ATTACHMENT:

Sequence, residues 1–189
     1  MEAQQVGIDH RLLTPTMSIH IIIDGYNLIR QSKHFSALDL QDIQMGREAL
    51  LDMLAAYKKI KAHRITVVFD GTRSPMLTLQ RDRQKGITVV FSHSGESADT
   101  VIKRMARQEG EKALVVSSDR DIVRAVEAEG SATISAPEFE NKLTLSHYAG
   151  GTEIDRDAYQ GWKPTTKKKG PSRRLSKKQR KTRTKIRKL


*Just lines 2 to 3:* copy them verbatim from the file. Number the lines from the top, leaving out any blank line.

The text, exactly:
     1  MEAQQVGIDH RLLTPTMSIH IIIDGYNLIR QSKHFSALDL QDIQMGREAL
    51  LDMLAAYKKI KAHRITVVFD GTRSPMLTLQ RDRQKGITVV FSHSGESADT